Turkey-Syria earthquake: Here’s why B.C.’s elite rescue team remains grounded

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Members of Vancouver’s heavy urban search-and-rescue team are among the world’s elite, trained to rescue people from collapsed buildings in case of an earthquake off the Pacific coast. But almost a week after the massive and deadly Turkey-Syria earthquake, the team continues to watch from afar.

The federal government’s decision not to deploy Canada Task Force 1, one of six heavy urban search-and-rescue (HUSAR) teams located across the country, has been met with criticism and confusion.

“Speed is of the essence,” NDP MP Don Davies said Friday. “Seconds, minutes, hours make a difference.”

The representative for Vancouver-Kingsway said the Vancouver firefighters’ union contacted him earlier this week with concerns that the team was not being deployed. Turkey’s consul general in Vancouver, as well as members of the Turkish-Canadian community, have also questioned the decision.

Taylan Tokmak, the consul general, said he reached out to the Vancouver fire department to discuss HUSAR, but was told deployment decisions rest with the federal government. Shortly after, he was approached by the Burnaby Urban Search and Rescue team, an independent non-profit team, and was able to assist them with accreditation and flights.

Tokmak confirmed the Burnaby search-and-rescue team “is and will be the only team from Canada.”

On Friday morning, the CBC reported the team had helped with the rescue of a woman trapped in a collapsed apartment building in Adiyaman, in southeastern Turkey.

A post on the team’s Facebook page said the woman was “trapped for five days beneath the rubble.” It took over five hours to extract her after she was located by dogs. “We worked alongside Turkish miners and volunteers from across the country. Was a special team effort by everyone involved,” said the post.

Meanwhile, many other countries have sent search-and-rescue specialists to Turkey, including Australia, the U.S. Agency for International Development, and the United Kingdom. Teams from India and China were also on the ground.

In an interview with The Canadian Press on Thursday, International Development Minister Harjit Sajjan said Canada’s commitment of $10 million to quake relief efforts was seen as the fastest response, while sending rescuers would be logistically and geographically challenging. It could also create bottlenecks that hamper instead of help.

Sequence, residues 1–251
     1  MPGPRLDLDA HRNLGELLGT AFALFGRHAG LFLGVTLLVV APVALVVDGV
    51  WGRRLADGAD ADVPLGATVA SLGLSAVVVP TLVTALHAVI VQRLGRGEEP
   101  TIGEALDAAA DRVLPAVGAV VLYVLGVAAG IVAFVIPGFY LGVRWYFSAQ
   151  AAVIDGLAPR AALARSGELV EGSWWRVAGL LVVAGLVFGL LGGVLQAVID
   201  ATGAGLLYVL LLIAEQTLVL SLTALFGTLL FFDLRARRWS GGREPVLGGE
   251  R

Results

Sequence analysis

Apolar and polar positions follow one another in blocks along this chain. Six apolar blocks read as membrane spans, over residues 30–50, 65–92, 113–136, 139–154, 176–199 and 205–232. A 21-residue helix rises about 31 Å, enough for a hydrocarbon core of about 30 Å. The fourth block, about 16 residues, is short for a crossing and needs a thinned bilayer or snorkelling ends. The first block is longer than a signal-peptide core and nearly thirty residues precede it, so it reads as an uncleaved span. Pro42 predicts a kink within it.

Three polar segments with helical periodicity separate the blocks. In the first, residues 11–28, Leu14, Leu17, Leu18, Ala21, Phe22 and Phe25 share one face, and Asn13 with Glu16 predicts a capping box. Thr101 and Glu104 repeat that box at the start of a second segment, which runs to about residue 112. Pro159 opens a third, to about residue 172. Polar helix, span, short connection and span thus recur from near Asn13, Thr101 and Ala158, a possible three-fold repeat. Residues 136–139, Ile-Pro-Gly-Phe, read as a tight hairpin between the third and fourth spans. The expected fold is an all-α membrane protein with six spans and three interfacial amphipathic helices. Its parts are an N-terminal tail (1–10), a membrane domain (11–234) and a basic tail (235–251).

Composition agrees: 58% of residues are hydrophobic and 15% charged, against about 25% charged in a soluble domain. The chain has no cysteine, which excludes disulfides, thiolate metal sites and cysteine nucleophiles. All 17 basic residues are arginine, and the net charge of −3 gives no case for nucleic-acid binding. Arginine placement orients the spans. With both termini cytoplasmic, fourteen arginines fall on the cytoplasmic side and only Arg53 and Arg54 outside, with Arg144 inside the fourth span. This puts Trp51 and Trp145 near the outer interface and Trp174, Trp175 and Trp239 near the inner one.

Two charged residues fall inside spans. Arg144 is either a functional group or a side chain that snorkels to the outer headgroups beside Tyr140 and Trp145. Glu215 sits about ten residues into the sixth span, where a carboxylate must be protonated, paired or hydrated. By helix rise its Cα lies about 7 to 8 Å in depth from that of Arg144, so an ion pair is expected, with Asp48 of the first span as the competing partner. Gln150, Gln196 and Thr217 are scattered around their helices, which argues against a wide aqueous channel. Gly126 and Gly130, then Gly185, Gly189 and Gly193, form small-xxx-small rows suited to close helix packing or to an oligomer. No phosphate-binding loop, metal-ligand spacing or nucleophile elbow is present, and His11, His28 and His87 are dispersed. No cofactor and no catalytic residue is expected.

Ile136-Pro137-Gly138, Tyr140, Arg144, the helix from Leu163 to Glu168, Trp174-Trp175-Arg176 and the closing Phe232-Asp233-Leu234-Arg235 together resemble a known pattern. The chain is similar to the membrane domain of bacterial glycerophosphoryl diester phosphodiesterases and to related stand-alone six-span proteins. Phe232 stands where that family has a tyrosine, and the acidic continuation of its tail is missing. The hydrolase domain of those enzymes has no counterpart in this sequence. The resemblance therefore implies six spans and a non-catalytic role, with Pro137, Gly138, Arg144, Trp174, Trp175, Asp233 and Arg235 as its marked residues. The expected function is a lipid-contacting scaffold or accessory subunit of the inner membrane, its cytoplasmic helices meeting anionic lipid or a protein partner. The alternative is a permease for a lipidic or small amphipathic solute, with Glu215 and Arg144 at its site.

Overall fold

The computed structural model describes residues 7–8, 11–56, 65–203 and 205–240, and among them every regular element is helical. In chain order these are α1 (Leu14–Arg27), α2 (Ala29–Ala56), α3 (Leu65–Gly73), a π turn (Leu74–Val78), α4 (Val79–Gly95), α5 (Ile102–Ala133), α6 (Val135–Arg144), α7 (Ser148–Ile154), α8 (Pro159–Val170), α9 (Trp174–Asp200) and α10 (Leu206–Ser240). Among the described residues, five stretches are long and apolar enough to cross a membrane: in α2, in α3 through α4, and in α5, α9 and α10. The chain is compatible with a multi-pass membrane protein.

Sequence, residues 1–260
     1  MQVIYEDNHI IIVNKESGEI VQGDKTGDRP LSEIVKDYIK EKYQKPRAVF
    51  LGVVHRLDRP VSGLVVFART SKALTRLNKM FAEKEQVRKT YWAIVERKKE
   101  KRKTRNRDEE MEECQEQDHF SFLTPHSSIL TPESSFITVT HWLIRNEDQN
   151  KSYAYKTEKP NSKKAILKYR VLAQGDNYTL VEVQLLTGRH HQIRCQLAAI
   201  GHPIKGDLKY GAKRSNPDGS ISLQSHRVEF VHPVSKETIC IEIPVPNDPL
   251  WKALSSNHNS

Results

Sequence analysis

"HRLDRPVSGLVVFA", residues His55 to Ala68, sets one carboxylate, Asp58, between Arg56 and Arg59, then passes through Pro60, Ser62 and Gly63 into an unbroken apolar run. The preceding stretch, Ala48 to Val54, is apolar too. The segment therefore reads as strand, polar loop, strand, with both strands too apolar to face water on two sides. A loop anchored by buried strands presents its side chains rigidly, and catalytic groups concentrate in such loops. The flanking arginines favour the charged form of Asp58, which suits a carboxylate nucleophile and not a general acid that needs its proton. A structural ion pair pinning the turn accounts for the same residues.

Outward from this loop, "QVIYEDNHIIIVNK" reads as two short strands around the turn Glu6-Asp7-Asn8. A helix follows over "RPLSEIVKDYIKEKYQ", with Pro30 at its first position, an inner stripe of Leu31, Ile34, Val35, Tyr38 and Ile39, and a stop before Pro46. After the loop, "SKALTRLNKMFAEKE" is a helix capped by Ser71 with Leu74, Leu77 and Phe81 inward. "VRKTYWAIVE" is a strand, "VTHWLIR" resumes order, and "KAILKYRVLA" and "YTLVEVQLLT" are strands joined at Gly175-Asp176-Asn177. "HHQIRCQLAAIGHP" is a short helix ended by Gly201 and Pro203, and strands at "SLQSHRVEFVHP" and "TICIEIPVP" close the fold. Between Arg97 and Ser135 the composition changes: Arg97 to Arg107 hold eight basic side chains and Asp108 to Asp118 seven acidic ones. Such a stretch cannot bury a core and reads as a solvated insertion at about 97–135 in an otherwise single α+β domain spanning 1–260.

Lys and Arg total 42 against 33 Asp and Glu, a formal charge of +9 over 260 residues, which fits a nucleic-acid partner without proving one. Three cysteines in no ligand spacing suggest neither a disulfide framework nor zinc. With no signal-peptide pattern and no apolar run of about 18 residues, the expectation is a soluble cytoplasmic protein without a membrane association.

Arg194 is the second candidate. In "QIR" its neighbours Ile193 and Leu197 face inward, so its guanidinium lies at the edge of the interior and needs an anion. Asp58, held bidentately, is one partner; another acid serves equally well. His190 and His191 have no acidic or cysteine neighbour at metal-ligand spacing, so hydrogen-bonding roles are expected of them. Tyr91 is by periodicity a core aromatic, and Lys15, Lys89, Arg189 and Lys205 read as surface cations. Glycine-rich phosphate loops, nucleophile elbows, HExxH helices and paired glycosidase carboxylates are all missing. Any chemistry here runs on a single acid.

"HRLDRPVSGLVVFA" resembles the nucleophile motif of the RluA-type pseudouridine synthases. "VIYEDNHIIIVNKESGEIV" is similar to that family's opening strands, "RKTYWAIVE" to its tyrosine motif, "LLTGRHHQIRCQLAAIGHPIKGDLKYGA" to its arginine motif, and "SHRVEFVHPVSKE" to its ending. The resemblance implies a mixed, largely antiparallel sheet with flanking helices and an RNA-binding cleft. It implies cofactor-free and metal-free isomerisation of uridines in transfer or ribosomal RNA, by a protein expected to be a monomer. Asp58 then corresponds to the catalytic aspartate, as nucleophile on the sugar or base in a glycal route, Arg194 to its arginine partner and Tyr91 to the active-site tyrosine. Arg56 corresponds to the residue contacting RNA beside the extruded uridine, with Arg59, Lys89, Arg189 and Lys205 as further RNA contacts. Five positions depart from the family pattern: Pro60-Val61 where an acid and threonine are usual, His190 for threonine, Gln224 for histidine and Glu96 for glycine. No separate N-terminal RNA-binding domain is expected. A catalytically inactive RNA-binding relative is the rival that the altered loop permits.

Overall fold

Canada is sending a seven-person disaster assessment team to Turkey to determine options for further Canadian humanitarian assistance.

“While this process does take a little time, it is critical to ensuring we are in a position to provide the most effective support possible,” said Geneviève Tremblay, spokesperson for Global Affairs Canada. “It ensures that Canada provides the assets that are required to fill a specific need, and to the right locations where it is required. This support must be properly coordinated with other nations in order to be useful.”

University of B.C. regional planning professor Michael Hooper, who studies disaster response, said that while sending more rescuers to Turkey feels like a “no-brainer,” there may be legitimate reasons not to rush in. He pointed to the earthquake in Haiti, where thousands of organizations sent teams to the country with little structure, resulting in inefficiencies and challenges.

“Coordination can be really, really tough,” he said. “After a disaster, sending more might feel like the right thing, but it can get wild.”

Clearing rubble sounds like a straightforward job, but countries have different ways of working, as well as different government structures, he said. Even at home, a barge washing up on a beach in a storm introduced Vancouver to the institutional complexities present in a seemingly simple cleanup task.

“I do worry that in Vancouver we’re a little ignorant of that complexity,” said Hooper.

Vancouver HUSAR director Justin Mulcahy admitted it was “hard” on team members not to be deployed in Turkey, but noted many of the HUSAR teams being sent from around the world are certified through the International Search and Rescue Advisory Group (INSARAG). Canada is working to establish an accreditation program for its HUSAR teams that would meet INSARAG standards.

INSARAG is a network of 90 countries and organizations under the United Nations umbrella, which aims to establish international standards for search-and-rescue teams and methodology for coordination in earthquake response. On the INSARAG website, Canada’s HUSAR teams are listed as not classified.

Mulcahy said the accreditation is key to working with a host country and ensuring the proper framework for deployment. That includes issues related to equipment, which may be left behind or damaged by the team’s time in the host country. Attention is given not to “undermine” a team’s capability to respond to domestic crisis.

The HUSAR director said deployment would also provide valuable training for the Vancouver team, while helping to lift the spirits of Turkish and Syrian Canadians.

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